To change a financially rewarding but stressful career or lifestyle for a less pressured and less highly paid but more fulfilling one.
I began downshifting nearly four years ago.
Well, really, I began preparing to downshift. Four years ago I made the decision I wanted to teach, instead of coach or consult. I wasn’t sure how it would happen or what it would look like, but I was clear it was what I wanted.
As I share in my online course, How to Create a Simple Strategic Plan, I set an intention and then let it go. The only things I was clear on were that I wanted to teach adults and I did not want to go back to school to get an advanced degree. Thirty days after setting that intention I was contacted by an online academy and invited to become a member of their faculty.
I spent three years creating online courses and my own online academy.
My hope was the courses could provide enough income to enable me to stop coaching and consulting. After 30 years of working in marketing and building my own business, I was tired. I was ready to relax into life and not work so hard. And I wanted the time to do more volunteer pet therapy work with my golden retrievers, Hope and Faith.
Sounds simple enough, doesn’t it?
On the surface it is. I took the steps, and thankfully, I have been fortunate enough to fulfill my intention. Now, rather than coaching and consulting, I spend my time writing and doing pet therapy. Of course I don’t make nearly the income I used to make when I was actively marketing and working in my business. But I’ve also simplified my life and expenses so there’s no need to. I make enough. And the freedom to not work and instead do what is calling my heart is certainly worth the lower paycheck.
It hasn’t been the decreased income that’s tripped me up.
It’s actually been the increased free time. As crazy as that sounds, it has taken me a long time to feel comfortable not working full time and not pulling in a 6-figure income. Downshifting has made me realize how much I defined myself by my business and my income. How much I had tied my self worth to the success of my business.
For a long time I found myself feeling like I should be working.
What will people think if I don’t work full time? If I wind my business down? At 55 years old will they consider me indulgent or lazy? What do I tell people if they ask me what I do? Those were all the thoughts that circled in my mind. I mentioned this to my husband one night at dinner and his response was, “Want to trade places with me? I won’t feel guilty at all not working!”
He encouraged me to enjoy myself.
He told me I’ve earned it. And I suppose I have, after more than thirty years working, building multiple businesses, and raising two children, all at the same time.
So why is it so hard to just relax and enjoy life?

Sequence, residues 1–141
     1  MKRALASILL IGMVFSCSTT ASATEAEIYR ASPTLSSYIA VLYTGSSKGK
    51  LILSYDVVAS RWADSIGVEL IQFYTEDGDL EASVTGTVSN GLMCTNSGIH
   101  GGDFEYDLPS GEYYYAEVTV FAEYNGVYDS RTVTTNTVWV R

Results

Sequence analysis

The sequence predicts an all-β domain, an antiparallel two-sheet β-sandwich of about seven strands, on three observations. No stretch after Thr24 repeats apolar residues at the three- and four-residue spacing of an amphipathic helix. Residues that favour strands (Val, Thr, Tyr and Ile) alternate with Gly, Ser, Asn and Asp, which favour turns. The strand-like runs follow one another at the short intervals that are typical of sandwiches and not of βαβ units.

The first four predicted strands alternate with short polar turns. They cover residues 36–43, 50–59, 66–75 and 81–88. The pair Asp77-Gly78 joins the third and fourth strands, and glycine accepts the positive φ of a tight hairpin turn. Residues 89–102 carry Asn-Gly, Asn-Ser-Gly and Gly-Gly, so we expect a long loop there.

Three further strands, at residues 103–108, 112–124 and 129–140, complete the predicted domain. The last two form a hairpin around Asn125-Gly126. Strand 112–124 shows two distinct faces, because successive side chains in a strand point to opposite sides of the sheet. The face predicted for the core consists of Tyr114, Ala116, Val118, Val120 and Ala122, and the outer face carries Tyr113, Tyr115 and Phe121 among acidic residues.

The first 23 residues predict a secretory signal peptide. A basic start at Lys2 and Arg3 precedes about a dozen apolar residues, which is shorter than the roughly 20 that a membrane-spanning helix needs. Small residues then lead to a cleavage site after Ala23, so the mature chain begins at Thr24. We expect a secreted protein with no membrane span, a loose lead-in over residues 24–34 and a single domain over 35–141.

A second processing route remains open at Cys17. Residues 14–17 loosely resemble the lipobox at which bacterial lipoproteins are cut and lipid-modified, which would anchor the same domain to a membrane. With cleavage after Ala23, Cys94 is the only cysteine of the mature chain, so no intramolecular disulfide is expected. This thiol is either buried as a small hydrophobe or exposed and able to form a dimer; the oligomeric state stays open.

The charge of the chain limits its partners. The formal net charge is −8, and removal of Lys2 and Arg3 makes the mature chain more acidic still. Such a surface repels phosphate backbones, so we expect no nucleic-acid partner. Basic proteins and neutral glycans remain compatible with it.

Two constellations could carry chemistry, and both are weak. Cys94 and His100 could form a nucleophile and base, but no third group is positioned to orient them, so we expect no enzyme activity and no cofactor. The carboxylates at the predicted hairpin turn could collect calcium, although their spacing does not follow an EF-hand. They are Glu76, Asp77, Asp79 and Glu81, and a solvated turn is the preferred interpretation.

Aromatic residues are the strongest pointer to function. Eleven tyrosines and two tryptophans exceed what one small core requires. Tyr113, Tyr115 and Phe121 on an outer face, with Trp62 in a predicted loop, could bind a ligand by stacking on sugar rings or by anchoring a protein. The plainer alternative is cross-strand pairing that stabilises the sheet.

To as they say, enjoy the fruits of all my years of labor? I do feel lucky that I’ve been able to set up an online business that consistently earns me thousands of passive dollars each month. I worked hard for years to make that happen. Heck, I prayed for it. And it didn’t happen for many, many years. Now that it has—and quite frankly at the exact right time so it can finance my downshift—I know I should be extremely grateful. Don’t get me wrong, I am. But I sometimes still feel like it’s not enough. Like I should be doing more. I did not expect to feel this way about something I worked so hard to achieve and was so clear I was ready for.
Maybe it’s because I was raised to work hard.
So, to have a business that works for me that doesn’t require me to work for it, goes a bit against the grain. At the same time, I know I’m doing a lot of good in the world (perhaps more good than with teaching marketing!) by going out with my dogs and doing volunteer pet-provided therapy. Perhaps I should look at it like this: I am working, I’m just being paid indirectly for the work I’m doing! Or, maybe that’s just me trying to justify it.
In any event, I am settling into my new downshifted life.
Every day I feel more comfortable not getting up and going into my office to work. I’m enjoying the opportunity to write more and spend more time with my dogs.
I think the key to successfully embracing a downshift, is to find a purpose beyond work and a paycheck. For me, that purpose is twofold: writing and pet therapy. My hope is the more comfortable I get spending my days doing these two things, the less I will feel like I should be working and trying to make money.
I’m learning to be happy with enough, instead of more.
And ultimately, I believe it’s more about making a contribution than making a ton of money. Thankfully, I believe I’ve found that with the combination of my online marketing courses (which I do get paid for) and pet therapy and writing (which I don’t). I believe both are contributing to the world, in very different ways, and in ways I can feel good about.